'Bad luck' of random mutations plays major role in cancer

Scientists from the Johns Hopkins Kimmel Cancer Center have created a statistical model that measures the proportion of cancer incidence, across many tissue types, caused mainly by random mutations that occur when stem cells divide. By their measure, two-thirds of adult cancer incidence across tissues can be explained primarily by the "bad luck" of random mutations occurring in genes that can drive cancer growth, while the remaining third are due to environmental factors and inherited genes.

"All cancers are caused by a combination of bad luck, the environment, and heredity, and we've created a model that may help quantify how much each of these three factors contributes to cancer development," says Bert Vogelstein, the Clayton Professor of Oncology at the Johns Hopkins University School of Medicine, co-director of the Ludwig Center at Johns Hopkins, and an investigator at the Howard Hughes Medical Institute.

"Cancer-free longevity in people exposed to cancer-causing agents such as tobacco is often attributed to their 'good genes,' but the truth is that most of them simply had good luck," adds Vogelstein, who cautions that a poor lifestyle can add to the bad luck factor in the development of cancer.

The implications of the researchers' model range from altering public perception about cancer risk factors to the funding of cancer research, they say.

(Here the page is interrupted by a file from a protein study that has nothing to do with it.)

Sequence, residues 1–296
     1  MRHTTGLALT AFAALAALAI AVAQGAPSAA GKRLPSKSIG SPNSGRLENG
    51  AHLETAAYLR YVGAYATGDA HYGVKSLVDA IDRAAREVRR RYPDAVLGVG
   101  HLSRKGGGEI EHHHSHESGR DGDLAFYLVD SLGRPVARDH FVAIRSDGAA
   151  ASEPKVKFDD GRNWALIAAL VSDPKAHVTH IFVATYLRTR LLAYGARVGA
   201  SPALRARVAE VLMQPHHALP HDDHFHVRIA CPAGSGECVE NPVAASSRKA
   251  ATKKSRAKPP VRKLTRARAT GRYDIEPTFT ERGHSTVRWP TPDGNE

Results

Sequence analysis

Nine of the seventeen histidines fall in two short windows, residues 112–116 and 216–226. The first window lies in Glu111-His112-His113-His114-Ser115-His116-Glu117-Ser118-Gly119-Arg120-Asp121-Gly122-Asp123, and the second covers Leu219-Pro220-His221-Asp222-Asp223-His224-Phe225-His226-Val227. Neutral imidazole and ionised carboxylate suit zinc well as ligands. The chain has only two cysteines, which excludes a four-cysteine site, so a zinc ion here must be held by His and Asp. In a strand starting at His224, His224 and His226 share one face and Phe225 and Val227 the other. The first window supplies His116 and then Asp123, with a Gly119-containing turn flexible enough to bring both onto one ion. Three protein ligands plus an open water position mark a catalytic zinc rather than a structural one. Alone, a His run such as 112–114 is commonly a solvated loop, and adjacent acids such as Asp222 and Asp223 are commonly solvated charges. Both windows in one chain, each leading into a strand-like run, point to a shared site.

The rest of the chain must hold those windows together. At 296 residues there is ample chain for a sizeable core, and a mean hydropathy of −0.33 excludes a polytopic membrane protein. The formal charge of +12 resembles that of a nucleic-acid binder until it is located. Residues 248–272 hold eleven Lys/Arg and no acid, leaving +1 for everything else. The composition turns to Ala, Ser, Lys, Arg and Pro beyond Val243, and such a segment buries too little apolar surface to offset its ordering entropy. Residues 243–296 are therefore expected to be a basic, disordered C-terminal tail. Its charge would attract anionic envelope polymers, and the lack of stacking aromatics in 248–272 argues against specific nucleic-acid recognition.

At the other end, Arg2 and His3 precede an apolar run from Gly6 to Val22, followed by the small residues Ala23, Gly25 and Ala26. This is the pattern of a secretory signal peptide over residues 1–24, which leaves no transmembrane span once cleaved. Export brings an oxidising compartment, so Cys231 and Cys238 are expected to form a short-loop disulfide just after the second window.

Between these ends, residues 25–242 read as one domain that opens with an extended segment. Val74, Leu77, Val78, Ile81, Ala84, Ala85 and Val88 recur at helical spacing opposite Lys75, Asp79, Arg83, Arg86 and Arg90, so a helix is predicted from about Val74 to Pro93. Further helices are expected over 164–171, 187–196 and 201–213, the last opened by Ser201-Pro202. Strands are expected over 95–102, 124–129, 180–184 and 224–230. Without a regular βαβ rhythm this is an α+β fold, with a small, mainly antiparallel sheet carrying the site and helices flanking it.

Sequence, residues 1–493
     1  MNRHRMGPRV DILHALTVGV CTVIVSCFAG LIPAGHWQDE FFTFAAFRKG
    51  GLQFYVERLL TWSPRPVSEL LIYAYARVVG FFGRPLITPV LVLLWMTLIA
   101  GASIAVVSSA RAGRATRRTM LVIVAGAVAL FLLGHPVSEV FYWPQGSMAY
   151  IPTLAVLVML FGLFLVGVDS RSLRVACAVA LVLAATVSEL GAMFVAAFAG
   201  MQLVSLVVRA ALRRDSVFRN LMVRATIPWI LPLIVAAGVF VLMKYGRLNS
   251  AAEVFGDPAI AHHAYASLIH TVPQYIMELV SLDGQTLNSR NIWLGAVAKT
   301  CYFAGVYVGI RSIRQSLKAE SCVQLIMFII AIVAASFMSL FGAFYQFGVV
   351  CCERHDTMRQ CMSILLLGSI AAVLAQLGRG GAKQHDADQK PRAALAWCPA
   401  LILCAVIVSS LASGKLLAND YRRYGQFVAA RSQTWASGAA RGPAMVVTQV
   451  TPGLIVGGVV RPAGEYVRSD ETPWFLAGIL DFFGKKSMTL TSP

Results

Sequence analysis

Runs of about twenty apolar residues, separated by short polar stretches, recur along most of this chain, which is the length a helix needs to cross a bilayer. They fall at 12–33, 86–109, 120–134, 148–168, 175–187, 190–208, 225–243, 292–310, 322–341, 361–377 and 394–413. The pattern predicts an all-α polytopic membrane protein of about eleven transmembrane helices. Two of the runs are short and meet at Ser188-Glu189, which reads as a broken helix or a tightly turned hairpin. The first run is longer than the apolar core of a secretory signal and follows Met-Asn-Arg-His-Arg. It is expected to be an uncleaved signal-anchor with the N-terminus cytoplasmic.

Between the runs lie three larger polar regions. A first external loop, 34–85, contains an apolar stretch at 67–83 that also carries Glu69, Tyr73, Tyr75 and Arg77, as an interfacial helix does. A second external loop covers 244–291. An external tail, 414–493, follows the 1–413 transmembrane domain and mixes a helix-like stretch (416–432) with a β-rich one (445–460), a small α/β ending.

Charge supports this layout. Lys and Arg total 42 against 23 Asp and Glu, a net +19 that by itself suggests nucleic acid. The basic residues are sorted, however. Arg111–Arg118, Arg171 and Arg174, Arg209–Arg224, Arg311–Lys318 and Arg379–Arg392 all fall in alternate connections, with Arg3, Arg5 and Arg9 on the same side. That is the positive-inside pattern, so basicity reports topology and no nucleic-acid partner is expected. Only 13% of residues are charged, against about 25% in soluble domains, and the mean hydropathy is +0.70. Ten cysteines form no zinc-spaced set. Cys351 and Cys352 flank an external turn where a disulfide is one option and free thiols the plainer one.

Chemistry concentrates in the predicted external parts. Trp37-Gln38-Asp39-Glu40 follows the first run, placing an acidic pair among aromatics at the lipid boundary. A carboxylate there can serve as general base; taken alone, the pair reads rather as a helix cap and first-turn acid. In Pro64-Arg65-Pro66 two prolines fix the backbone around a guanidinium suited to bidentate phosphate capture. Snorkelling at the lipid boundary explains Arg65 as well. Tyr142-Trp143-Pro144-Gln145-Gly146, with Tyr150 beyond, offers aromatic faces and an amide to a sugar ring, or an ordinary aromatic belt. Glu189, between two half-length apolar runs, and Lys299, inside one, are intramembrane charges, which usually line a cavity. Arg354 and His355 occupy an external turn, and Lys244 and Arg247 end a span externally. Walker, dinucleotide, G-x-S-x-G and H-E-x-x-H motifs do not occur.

Biomathematician Cristian Tomasetti, an assistant professor of oncology at the Johns Hopkins schools of Medicine and Public Health, says, "If two-thirds of cancer incidence across tissues is explained by random DNA mutations that occur when stem cells divide, then changing our lifestyle and habits will be a huge help in preventing certain cancers, but this may not be as effective for a variety of others. We should focus more resources on finding ways to detect such cancers at early, curable stages."

In a report on the statistical findings, published recently in Science, Tomasetti and Vogelstein say they came to their conclusions by searching the scientific literature for information on the cumulative total number of divisions of stem cells among 31 tissue types during an average individual's lifetime. Stem cells "self-renew," thus repopulating cells that die off in a specific organ.

It was well-known, Vogelstein notes, that cancer arises when tissue-specific stem cells make random mistakes when one chemical letter in DNA is incorrectly swapped for another during the replication process in cell division. The more these mutations accumulate, the higher the risk that cells will grow unchecked, a hallmark of cancer. The actual contribution of these random mistakes to cancer incidence, in comparison to the contribution of hereditary or environmental factors, was not previously known, says Vogelstein.

The scientists note that some cancers, such as breast and prostate cancers, were not included in the report because they were unable to find reliable stem cell division rates in the scientific literature. They hope that other scientists will help refine their statistical model by finding more-precise stem cell division rates for other types of cancers.

The research was funded by the Virginia and D.K. Ludwig Fund for Cancer Research, Lustgarten Foundation for Pancreatic Cancer Research, Sol Goldman Pancreatic Cancer Research Center, and National Cancer Institute.